In his office, I found a fairly good sized travel bag of prescription medication. Because he was in poor health and took a shit ton of various medications and vitamins every day (to no avail, clearly), I wasn’t surprised to find it (and, spoiler, it wasn’t Class 1 narcotics or anything). My brother in law advocated for tossing it, but we decided that since we weren’t sure what all it was, it should go to a pharmacy to be properly disposed of. I volunteered to take it, and grabbed a couple of those S-M-T-W-Th-F-S pill boxes with stuff in them off the table to add them to the pile. Someone suggested I’d better make sure they didn’t belong to his girlfriend. She said, no, they weren’t hers, but told me that there was another bag in the garage that I should take too. I went out to find it.

What I found was a bag, like the kind of bag they’d give you at Bed, Bath and Beyond, or Sheets ‘n’ Shit if you bought a king sized comforter, or one of those “bed in a bag” things. A big fucking bag, is where I’m going with this. This big fucking bag was, I shit you not, half full of medicine bottles. Let me repeat that, half fucking full of medicine bottles. Which all had pills in them. We’re not talking about a bunch of empty bottles, these all had shit in them. A lot of them were vitamins, but that only makes it worse. That means that he’d gone out and bought a bottle of vitamin E, and then two weeks later, had—I don’t know, forgotten he bought it, or was afraid he’d run out, or whatever the fuck he was thinking—and went out and bought another bottle of vitamin E, then did it again. And again. And again. Since I have little need for 34 pounds of vitamin E, it all got turned in to be disposed of.

It’s bad enough that he still has cassette tapes of Laura Branigan albums, and notebooks from classes he took in which the handouts were run off on a mimeograph machine, but he also has dozens of CDs for software that was probably five years out of date when he bought it or got it (AOL install disks with 100 free hours, anyone?), enough pairs of prescription glasses that he could have worn a new pair every week for a year with no repeats, and forty SD cards that may or may not have anything on them.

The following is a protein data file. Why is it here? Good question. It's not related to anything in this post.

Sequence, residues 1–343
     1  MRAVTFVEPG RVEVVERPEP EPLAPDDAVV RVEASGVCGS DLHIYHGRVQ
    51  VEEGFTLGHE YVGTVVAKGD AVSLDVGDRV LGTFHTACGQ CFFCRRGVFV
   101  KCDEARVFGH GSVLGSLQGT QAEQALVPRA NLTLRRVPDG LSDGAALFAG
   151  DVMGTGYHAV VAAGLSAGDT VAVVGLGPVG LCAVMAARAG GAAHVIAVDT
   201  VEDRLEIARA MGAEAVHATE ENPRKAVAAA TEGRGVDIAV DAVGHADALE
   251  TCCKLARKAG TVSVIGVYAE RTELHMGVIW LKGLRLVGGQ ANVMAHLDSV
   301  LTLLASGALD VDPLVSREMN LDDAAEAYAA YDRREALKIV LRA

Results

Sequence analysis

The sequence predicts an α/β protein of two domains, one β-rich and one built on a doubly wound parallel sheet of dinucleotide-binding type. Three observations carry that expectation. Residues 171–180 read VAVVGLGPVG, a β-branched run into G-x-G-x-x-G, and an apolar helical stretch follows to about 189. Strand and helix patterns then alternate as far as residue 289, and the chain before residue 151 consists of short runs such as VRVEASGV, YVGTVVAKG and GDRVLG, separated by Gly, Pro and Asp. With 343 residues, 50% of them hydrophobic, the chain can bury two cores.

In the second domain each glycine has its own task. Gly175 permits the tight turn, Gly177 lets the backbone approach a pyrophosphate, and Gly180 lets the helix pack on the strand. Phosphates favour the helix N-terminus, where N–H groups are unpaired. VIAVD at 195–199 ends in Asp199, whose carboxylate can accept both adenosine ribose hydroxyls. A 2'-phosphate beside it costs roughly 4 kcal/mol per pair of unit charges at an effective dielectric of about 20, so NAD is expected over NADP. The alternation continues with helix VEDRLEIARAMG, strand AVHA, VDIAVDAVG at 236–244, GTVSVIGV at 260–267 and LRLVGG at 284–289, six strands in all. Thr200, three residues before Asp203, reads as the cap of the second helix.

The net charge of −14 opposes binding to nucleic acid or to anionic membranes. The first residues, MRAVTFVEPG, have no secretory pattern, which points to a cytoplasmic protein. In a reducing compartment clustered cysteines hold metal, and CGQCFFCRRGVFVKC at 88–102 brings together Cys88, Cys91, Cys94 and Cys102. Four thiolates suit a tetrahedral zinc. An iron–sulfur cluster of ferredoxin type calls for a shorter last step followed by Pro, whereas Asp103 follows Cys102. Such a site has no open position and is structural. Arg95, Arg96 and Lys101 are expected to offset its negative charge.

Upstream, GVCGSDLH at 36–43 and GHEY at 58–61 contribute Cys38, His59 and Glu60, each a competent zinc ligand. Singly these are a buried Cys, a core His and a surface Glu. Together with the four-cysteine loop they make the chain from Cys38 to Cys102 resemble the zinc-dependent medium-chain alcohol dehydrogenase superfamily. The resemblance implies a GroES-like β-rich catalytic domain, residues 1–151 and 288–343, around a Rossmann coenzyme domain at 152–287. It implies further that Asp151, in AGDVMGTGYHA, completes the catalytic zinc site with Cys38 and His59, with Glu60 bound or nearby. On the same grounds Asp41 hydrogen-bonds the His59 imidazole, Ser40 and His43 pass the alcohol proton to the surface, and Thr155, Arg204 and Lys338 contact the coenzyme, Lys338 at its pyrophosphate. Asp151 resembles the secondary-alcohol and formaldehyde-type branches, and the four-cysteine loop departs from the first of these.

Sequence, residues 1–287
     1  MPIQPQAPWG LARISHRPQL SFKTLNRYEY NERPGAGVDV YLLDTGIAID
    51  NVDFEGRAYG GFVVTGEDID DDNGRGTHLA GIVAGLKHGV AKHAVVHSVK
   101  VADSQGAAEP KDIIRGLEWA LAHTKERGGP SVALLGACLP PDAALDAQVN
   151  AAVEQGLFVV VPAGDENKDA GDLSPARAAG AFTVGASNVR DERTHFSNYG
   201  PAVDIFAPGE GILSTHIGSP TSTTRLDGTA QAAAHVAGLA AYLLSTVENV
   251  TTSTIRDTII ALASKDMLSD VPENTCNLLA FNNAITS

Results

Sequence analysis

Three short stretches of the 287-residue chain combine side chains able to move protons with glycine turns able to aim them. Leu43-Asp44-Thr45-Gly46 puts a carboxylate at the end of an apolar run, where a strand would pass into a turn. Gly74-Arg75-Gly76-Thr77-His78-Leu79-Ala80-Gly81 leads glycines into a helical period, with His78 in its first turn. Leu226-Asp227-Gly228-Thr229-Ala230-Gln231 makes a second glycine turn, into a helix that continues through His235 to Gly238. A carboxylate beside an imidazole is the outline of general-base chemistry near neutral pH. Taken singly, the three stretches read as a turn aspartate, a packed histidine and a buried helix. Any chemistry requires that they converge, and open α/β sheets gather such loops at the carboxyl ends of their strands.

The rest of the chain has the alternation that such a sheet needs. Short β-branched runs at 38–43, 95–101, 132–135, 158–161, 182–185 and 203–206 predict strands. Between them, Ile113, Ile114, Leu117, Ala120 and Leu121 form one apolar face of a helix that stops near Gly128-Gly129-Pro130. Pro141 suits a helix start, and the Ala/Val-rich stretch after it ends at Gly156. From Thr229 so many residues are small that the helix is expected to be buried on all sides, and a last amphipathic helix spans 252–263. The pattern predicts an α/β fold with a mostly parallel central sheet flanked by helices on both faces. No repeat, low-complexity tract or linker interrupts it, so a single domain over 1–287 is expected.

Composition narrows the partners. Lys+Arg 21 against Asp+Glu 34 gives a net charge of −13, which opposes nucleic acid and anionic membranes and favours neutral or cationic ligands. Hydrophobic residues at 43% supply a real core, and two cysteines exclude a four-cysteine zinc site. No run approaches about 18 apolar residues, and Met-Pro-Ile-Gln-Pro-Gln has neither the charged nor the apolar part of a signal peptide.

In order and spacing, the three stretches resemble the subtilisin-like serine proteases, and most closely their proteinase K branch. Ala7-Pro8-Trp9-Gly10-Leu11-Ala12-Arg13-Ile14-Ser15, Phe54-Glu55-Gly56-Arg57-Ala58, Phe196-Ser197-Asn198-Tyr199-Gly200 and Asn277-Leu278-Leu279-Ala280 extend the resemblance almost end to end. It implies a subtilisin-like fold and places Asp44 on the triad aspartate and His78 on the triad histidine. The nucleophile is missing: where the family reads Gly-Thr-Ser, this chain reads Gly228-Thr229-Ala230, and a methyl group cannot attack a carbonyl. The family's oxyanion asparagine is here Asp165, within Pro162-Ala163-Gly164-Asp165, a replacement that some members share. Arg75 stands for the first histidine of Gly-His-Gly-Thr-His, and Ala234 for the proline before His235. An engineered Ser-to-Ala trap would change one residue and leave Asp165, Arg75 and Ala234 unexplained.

My brother in law and I started talking about what someone would think if they started cleaning out our stuff. Anyone doing it for me would shake their heads over the number of blank notebooks I had, or the fifteen three ring binders full of recipes. They would look at the big basket of nail polish and say, “How many nails did she think she had?” I think we all have a slight hoarding instinct, whether that manifests itself in the form of family pictures, coffee mugs, or washers and screws. But somehow I think having thirty colors of nail polish doesn’t quite put one into the category of “hoarder” the way having a box of 85 keys to nothing, 6 sets of brand new gardening gloves, 5 disposable charcoal grills, and 36 light switch plates of various configuration does. Holy shit.

2 comments:

Stacey OneFunnyMotha said...

That.Was.Awesome. That might be the best thing I've ever read. WTF? Esp. love the "Festival of Electronics" and the train set of Wonder & Delight. I also love when you said something like - he had a shit load of stuff is where I'm going with this. And I love how you explained how you collapsed into the chair having been exhausted after counting the highlighters b/c I was thinking, "How did she know he had 36 highlighters?" I love the stuff still in boxes when he had 5 others. You should open up a mom & pop Office Max & sell all that stuff. Think of how rich you'll be!

Idk if you saw but my son lies all the time too - for no reason. They are innocent lies & my sister used to make up stories when we were kids & both of them have ADHD & I wonder if it's just an overactive imagination. It's like they have all these ideas in their heads & should be writing fiction instead of telling them as true stories.

Tracy said...

Thanks! Actually a lot of it is going to charitable organizations near his house. I have a bunch of places near me that I wish could benefit, but I can't justify shipping unsharpened pencils 3000 miles, when it would cost less to just buy them here.

In his case it was a sort of sad need to make himself appear successful and smart. He actually had a pretty major inferiority complex, because his own dad was pretty narcissistic. So he made stuff up that made him appear successful the way he defined "success." It was harmless, but annoying.

My kids tell obvious lies too--about how they fought off a robber, or were the best whatever player on whatever team, but those are different, since they're, you know, kids. And one could argue that I occasionally lie, because when one is writing this kind of essay, one takes liberties, and improves circumstances where it will improve a story, but everything has a foundation in truth. The shit he was slinging was wholly fictitious, with no basis whatsoever in fact.

Glad you enjoyed it!